Retrospective: Listen, We Have to Talk • Page 2

John reassesses his relationship with the DS.

Blowing into the mic was one of the strangest things about the early DS. Presumably intended as an audio input, it was adopted by developers purely as something to blow on.

At first this was cute. It's no longer cute. In fact, there cannot be many left who hadn't discovered that tapping on the mic with a finger has much the same effect as blowing, making train journeys less awkward, but removing the romance of a lot of moments.

Blowing out the candles, watching them flicker, then extinguish, the thin wisp of smoke rising from the wick as if a ghost of the flame that was.

The DS had us enraptured. It had developers enraptured. They had been given a collection of tools so strange they were forced to reinvent. Two screens, an inch apart, and above one another. Then one of them is a touch-screen that responds to both a stylus or a finger. There's a microphone, there's an array of buttons scattered all over. And it folds closed.

It was so startlingly different, so silly, and it engendered an enthusiasm amongst the inventive to let this inspire them. And so it was that games like Rub Rabbits appeared. Games like Pac-Pix, where your drawings on the screen would come to life, move around. It was magical. It was like casting spells, the stylus your wand.

As time went on our love matured. We were more calm, but no less close. If anything we spent even more time together. Hours and hours in each other's company, no need for constant thrills, but instead embracing the comfort of our companionship.

We still had adventures. We still had our times. Exciting nights, days spent exploring, but always waiting for us the security of home. It was enough for it to be us.

2
Oh, Slitherlink, my love for you is infinite.

2006 to 2008 saw the DS reach a more mainstream audience. Games like Brain Training had identified a role for the machine outside of the hardcore gamer, and indeed outside of the children's market that had dominated the GameBoy.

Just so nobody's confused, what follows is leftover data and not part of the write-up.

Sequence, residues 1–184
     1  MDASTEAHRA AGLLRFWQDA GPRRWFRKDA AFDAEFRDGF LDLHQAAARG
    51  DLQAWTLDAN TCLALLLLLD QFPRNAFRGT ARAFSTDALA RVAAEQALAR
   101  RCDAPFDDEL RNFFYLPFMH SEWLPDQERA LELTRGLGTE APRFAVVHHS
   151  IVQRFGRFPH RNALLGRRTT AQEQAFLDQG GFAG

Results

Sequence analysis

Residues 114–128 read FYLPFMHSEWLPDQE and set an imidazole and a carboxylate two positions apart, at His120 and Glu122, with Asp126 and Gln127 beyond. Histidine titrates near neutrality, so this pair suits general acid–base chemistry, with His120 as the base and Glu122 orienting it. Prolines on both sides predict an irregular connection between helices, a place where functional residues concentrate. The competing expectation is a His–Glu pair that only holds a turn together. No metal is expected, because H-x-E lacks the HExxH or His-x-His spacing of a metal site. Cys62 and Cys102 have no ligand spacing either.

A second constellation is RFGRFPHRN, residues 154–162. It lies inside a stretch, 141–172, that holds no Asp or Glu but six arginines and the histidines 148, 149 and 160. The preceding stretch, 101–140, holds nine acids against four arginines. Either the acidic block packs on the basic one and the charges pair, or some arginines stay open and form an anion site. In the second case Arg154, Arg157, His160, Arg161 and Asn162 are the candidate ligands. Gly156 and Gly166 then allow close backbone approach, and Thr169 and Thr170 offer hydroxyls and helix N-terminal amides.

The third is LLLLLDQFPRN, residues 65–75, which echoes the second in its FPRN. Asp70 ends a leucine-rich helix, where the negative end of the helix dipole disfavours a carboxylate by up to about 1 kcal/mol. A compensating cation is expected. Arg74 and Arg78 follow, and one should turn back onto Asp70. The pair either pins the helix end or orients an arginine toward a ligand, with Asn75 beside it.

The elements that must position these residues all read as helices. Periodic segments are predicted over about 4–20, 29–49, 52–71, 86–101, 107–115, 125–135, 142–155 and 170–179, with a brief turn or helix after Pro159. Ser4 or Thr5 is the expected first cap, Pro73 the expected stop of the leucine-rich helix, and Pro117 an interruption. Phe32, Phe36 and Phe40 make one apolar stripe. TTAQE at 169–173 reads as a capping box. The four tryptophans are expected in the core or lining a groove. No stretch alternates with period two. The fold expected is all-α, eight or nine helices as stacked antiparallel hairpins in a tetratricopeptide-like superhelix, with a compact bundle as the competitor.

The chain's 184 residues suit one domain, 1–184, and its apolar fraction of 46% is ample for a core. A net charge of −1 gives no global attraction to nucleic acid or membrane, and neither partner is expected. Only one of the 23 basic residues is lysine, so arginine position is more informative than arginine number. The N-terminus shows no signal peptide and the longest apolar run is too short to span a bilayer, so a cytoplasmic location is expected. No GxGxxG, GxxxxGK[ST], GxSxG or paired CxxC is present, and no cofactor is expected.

Families, mothers, daughters. Of course Brain Training was as delightfully mad as so many of the early releases, combining educational challenges (maths, language and so on) with a lunatic professor and a daft sense of humour.

It was a game that would chastise you for staying up too late, or for slacking on your practice. Of course it brought forward a million copycats of varying success or failure, but it also reminded us that the DS could be a platform for puzzle games.

Hudson Soft released 13 games from March 2006 to March 2007 in its Puzzle Series. Only officially released in Japan, these were mostly popular Japanese puzzle games converted to the touch-screen with a rare gift for economic use of the DS's features.

Beginning gently with a jigsaw puzzle simulator, a crossword collection (one of the few impenetrable to a non-Japanese speaking audience), and of course the all-conquering sudoku, they established they knew how to use both screens without gimmicks, and the touch-screen without frustration.

August saw the splendid Kakuro, before the series' apogee in November. Alongside a second crossword cart, and indeed the absolutely stunning picross game, Illust Logic (infinitely better than Nintendo's own Picross DS, and only beaten by Mario Picross on the GameBoy), was Slitherlink.

I lost count of the hours. Just you and me, tangled limbs. No beginning. No end.

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John Walker

John Walker

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